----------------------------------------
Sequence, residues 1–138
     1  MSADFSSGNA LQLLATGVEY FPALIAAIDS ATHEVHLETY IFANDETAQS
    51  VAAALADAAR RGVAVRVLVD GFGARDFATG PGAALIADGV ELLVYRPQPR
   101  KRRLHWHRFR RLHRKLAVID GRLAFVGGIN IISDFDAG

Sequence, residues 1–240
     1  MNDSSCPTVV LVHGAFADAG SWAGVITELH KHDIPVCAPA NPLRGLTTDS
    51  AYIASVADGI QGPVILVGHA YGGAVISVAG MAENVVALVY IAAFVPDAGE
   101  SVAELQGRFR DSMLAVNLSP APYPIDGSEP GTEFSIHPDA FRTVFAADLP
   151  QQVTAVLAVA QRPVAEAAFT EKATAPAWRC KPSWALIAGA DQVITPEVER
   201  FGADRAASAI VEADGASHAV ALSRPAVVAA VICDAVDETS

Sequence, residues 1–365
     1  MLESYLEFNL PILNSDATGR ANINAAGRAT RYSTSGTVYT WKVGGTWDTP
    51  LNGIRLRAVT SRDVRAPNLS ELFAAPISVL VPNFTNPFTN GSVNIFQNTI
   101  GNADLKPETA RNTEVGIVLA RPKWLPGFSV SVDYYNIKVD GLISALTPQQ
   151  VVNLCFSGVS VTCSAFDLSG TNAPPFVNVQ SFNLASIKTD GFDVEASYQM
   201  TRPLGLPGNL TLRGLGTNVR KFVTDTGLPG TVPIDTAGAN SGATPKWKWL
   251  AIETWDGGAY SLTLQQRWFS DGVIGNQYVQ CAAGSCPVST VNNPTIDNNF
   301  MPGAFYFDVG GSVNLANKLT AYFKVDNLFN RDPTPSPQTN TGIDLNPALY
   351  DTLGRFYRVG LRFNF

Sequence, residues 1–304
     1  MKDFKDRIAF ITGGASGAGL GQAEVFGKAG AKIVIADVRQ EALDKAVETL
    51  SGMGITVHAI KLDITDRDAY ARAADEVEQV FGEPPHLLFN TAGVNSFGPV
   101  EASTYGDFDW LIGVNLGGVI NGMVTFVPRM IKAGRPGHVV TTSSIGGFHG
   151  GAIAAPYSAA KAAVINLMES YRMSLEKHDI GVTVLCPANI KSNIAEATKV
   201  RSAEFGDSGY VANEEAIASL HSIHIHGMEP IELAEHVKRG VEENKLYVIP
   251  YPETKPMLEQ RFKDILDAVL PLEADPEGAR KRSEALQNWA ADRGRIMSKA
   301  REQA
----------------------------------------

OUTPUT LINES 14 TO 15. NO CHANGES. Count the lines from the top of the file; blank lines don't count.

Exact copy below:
   101  GNADLKPETA RNTEVGIVLA RPKWLPGFSV SVDYYNIKVD GLISALTPQQ
   151  VVNLCFSGVS VTCSAFDLSG TNAPPFVNVQ SFNLASIKTD GFDVEASYQM